However, the Order contains a significant departure from the Phased Guidelines in requiring individuals “acting in the capacity as an employee of a business” and those “in a healthcare setting” to use a mask or face covering.[5] All members of the general public are also strongly urged to wear face masks, but it is not required under the Order.[6] Notably, employers must “ensure that face coverings are available” to employees.[7] As a result, the face coverings should be treated as personal protective equipment (PPE) under OSHA’s standards.[8] 

The Order also lists specific requirements for certain industries and service providers, including restaurants, food service establishments, bars, food trucks and convenience stores; retail stores (including grocery stores and pharmacies); hospitality and tourism providers; event, cultural arts and entertainment providers; personal service providers (including barbers, cosmetologists, body artists and nail technicians); home repair providers; gym and fitness centers (including indoor recreation centers and yoga and studios); construction providers and manufacturers; day care providers; hospitals and surgical facilities; and non-hospital medical providers, including dentists.[9] For instance, restaurants should stagger employee workstations so employees can maintain a six-foot distance and not face each other.[10] In addition, employees must sanitize hands between handling payment options and food containers, and employers should provide PPE such as face coverings, hair nets, and gloves.[11] For the retail industry, both employees and customers should wear face coverings, and the maximum number of patrons allowed in the place of business “must be such that a 6-foot distance between patrons and employees can be easily maintained (1 person per 100 square feet).”[12] For the personal services industry, both the service provider and the client should wear face coverings, and customers must be checked for symptoms of COVID-19 before services can be rendered.[13]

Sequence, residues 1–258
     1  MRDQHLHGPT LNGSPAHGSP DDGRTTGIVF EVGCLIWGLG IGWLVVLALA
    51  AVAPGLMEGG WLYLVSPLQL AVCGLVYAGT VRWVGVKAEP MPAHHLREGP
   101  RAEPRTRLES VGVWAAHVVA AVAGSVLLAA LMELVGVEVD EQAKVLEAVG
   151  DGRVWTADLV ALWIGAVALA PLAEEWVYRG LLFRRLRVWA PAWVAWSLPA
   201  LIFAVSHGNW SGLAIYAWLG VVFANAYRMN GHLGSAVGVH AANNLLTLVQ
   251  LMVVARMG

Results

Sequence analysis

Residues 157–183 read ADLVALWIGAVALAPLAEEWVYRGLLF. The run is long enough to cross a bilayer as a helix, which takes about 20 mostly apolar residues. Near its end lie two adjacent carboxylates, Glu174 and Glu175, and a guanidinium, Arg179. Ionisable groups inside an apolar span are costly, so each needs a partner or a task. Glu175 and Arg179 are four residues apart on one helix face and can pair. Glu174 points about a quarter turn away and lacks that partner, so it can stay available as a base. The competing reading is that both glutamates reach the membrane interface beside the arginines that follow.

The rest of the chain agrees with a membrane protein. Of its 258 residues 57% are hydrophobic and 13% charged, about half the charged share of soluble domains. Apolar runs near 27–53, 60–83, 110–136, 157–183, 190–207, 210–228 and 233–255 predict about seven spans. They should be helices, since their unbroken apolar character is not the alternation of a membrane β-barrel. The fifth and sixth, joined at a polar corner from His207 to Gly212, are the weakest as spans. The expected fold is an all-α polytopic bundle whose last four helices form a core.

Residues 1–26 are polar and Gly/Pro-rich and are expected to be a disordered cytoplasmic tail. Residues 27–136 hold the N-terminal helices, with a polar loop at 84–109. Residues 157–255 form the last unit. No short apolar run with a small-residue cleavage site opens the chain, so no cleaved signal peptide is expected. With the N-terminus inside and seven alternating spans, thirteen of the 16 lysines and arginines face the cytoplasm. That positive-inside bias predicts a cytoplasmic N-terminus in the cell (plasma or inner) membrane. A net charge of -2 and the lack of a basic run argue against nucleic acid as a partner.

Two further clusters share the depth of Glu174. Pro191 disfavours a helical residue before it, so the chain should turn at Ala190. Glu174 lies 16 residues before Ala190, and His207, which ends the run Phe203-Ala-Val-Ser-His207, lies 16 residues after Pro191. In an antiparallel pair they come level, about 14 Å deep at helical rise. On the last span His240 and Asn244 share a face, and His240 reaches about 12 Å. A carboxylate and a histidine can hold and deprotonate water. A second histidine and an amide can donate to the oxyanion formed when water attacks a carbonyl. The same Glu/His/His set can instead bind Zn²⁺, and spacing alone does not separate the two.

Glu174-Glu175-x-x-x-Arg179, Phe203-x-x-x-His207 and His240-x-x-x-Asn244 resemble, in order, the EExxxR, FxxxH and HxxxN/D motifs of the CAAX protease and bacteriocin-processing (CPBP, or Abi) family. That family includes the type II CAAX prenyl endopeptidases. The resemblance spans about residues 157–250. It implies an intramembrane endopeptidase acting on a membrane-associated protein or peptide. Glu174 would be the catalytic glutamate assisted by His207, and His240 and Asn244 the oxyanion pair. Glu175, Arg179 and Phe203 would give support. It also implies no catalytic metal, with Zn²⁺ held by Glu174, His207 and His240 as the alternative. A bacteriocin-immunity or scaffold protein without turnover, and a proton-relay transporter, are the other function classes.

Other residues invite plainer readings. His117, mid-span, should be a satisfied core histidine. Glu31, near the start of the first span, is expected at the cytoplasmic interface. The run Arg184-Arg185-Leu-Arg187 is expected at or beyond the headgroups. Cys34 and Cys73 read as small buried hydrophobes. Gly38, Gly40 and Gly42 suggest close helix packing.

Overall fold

To assist employers with protecting employees who are high-risk for COVID-19 as businesses begin operating under the mandates of the Order, the Utah Labor Commission issued guidance for developing safety measures in the workplace. High-risk individuals include those who: are 65 or older; live in a nursing home or long-term care facility; have chronic lung disease or moderate to severe asthma; have serious heart conditions; are immunocompromised; are severely obese or have underlying medical conditions such as diabetes or liver disease; or are pregnant.[14]